Carlsen At Milken Institute: 'I Don't Presume To Know Much At All'

Carlsen At Milken Institute: 'I Don't Presume To Know Much At All'

| 70 | Chess Event Coverage

What does GM Magnus Carlsen have to do with Kareem Abdul-Jabbar? Honestly, not much (there are 3189 blocks and 2832 rating points between them). But such is the nature of the Milken Institute's Global Conference 2017, which took place earlier this week in Los Angeles.

Who gathered to hear them both speak? About 3,500 "senior decision-makers" attended from sports, science, politics, business, and this year, chess. The theme of this edition of the four-day conference, put on by the non-profit think tank of the same name, was to "Build Meaningful Lives."


If a "meaningful life" means losing to Carlsen at least once in chess, several people got their wish at the Milken Institute's Global Conference 2017.

Besides Carlsen and the NBA's all-time leading scorer, other notable speakers included former vice president Joe Biden, former president George W. Bush, four current U.S. cabinet secretaries, the director J.J. Abrams, and the musician Moby, to name only a few. vice president Danny Rensch also attended, for -- what else -- commentary. CEO Erik Allebest stopped by, serving as arbiter for Carlsen's 10-board simul.


Yes, Danny Rensch can still commentate while in a suit. However, he wasn't allowed to drink from his gallon water jug while on stage.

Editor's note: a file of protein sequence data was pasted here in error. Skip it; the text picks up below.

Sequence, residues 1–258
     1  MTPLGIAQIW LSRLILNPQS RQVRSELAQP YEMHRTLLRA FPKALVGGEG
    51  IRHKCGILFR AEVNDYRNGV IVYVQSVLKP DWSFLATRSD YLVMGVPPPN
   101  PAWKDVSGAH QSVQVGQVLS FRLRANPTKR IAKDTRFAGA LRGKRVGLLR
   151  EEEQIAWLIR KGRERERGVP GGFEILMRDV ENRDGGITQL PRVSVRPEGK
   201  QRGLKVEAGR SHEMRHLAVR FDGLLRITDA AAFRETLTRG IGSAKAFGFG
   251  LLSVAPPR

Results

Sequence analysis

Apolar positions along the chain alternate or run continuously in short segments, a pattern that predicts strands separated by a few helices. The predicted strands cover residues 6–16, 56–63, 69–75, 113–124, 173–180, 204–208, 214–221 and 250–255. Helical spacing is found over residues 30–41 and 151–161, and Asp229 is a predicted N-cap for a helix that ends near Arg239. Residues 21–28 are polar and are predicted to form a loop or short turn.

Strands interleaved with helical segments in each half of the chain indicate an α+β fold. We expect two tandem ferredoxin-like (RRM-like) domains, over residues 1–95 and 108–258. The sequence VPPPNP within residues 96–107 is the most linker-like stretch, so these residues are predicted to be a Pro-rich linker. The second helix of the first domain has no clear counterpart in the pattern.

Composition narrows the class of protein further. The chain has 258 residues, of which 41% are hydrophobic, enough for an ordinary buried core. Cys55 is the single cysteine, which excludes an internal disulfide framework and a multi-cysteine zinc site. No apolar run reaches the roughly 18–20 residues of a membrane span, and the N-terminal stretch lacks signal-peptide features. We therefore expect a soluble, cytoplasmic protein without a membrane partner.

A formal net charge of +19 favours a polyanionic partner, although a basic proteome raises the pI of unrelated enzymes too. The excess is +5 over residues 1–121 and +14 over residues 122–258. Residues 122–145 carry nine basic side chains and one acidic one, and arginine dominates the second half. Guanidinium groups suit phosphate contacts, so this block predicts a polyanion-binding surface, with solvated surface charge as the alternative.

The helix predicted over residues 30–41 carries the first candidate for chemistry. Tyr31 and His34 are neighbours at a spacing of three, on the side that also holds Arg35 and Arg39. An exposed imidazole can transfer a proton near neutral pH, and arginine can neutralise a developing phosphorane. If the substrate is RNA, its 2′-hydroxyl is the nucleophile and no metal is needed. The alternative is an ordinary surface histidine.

Before the actual chess, Carlsen was interviewed in front of the crowd, and some proved to have some chess knowledge. One question from the audience: "How do I get my 10-year-old son to stop playing the Stonewall?"

Here's a sampling of Carlsen's thoughts. Most questions from the moderator focused on his preparation, the sporting nature of chess, and what other talents Carlsen professes. For his part, many of the world champion's answers were prefaced by him demurring and claiming that he hasn't mastered much besides the game, but he does enjoy learning. At one point he said, "I don't presume to know much at all."

  • On genius:

"What kind of talent I had when I was really young was that I was able to concentrate on something for a really long time. My interest didn't really wane...That's been my main advantage. I've never been the one to grasp things the quickest, but I never stopped learning as soon as I became interested in a subject."

  • On his daily routine:

"I would want to be a role model. As you talk about an athlete who wakes up at seven every day, then you have two training sessions...for me, it's not like that. [Carlsen famously arises on the north side of noon. -- M.K.] I definitely think about chess all the time. I work at chess every day but it's not like I have a routine. It's always been based on inspiration for me. Fortunately, I haven't run out of inspiration yet...Sometimes I play better when I haven't slept that much, because you kind of play more creative."

He added that he tries to sleep at least eight hours and cut down on sugar intake for a "steady level of blood sugar when I play."